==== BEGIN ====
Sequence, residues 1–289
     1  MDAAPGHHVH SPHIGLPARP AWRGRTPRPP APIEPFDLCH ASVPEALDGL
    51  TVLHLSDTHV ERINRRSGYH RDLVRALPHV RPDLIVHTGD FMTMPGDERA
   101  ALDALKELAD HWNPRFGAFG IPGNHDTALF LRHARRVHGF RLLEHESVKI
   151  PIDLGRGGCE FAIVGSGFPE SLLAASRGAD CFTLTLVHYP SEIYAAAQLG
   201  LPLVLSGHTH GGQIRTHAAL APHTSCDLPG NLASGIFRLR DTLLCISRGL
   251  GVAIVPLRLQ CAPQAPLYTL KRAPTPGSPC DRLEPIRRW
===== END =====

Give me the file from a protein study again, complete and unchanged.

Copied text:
Sequence, residues 1–289
     1  MDAAPGHHVH SPHIGLPARP AWRGRTPRPP APIEPFDLCH ASVPEALDGL
    51  TVLHLSDTHV ERINRRSGYH RDLVRALPHV RPDLIVHTGD FMTMPGDERA
   101  ALDALKELAD HWNPRFGAFG IPGNHDTALF LRHARRVHGF RLLEHESVKI
   151  PIDLGRGGCE FAIVGSGFPE SLLAASRGAD CFTLTLVHYP SEIYAAAQLG
   201  LPLVLSGHTH GGQIRTHAAL APHTSCDLPG NLASGIFRLR DTLLCISRGL
   251  GVAIVPLRLQ CAPQAPLYTL KRAPTPGSPC DRLEPIRRW